New Medicare Advantage fraud case targets data mining: shots
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The Justice Department has charged an upstate New York State Medicare Plan for the Elderly, as well as a medical analysis company with which the insurer is affiliated, to deceive the government of tens of millions of dollars.
The civil fraud complaint, filed this week, is the first by the federal government to target a data mining company for allegedly helping a Medicare Advantage program comply with federal billing regulations in a way that allows the plan to overcharge the treatment of patients.
The lawsuit names Buffalo-based medical records review company DxID and Independent Health Association, which operates two Medicare Advantage plans, as defendants. Betsy Gaffney, founder and CEO of DxID, is also named in the lawsuit. DxID, which closed in August, is owned by Independent Health through another subsidiary.
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The Centers for Medicare & Medicaid Services, or CMS, pays health plans using a complex formula called a “risk score,” which aims to make the rates higher for sicker patients and lower for healthy ones. The data mining company combed through electronic medical records to identify missed diagnoses, pocketing up to 20% of the new revenue it generated for the health plan.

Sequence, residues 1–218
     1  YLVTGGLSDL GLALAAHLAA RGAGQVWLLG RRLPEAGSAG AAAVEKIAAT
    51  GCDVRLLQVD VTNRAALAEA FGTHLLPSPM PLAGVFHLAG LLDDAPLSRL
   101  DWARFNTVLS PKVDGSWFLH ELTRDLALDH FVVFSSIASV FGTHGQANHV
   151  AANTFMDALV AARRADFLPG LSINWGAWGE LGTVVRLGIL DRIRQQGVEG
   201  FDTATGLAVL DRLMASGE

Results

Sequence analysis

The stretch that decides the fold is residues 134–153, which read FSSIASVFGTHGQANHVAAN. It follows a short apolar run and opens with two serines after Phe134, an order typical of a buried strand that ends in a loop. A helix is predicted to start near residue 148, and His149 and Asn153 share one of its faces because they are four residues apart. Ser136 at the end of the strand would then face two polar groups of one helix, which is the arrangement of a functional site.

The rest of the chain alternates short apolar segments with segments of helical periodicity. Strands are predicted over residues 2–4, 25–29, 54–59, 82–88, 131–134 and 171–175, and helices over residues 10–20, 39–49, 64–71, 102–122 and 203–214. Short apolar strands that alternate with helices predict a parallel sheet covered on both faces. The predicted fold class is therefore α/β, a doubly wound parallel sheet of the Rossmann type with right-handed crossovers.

But the DOJ alleges that the DxID exams triggered “tens of millions” of overheads when those missing diagnoses were filled, exaggerating the patients’ degree of illness or including charges for medical conditions the patients did not have.
In an email, Independent Health spokesperson Frank Sava told us: “We are aware of the DOJ complaint filed last night and will continue to vigorously defend ourselves against the allegations. this is an open case, I cannot comment further. “
Gaffney’s lawyer did not respond to requests for comment.
The DOJ complaint expands on a 2012 whistleblower complaint filed by Teresa Ross, a former medical coding manager at Group Health Cooperative in Seattle, one of the nation’s oldest and most prestigious health plans.
Ross alleged that Group Health hired DxID in 2011 to boost revenue. The company submitted more than $ 30 million in new Medicare claims on behalf of Group Health for 2010 and 2011, many of which were invalid, according to Ross.
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For example, she alleged that the plan was billed for “major depression” in a patient described by her doctor as having an “incredibly sunny disposition.” Group Health, now known as the Kaiser Foundation Health Plan of Washington (an independent company of Kaiser Health News or the Kaiser Family Foundation), has denied any wrongdoing. But in November 2020, the insurer installed the case by paying $ 6.3 million.
Now the DOJ is taking the case and targeting DxID for its work on behalf of Group Health and Independent Health. The DOJ alleges that DxID submitted thousands of “unsupported” health status codes on behalf of Independent Health from 2010 to 2017.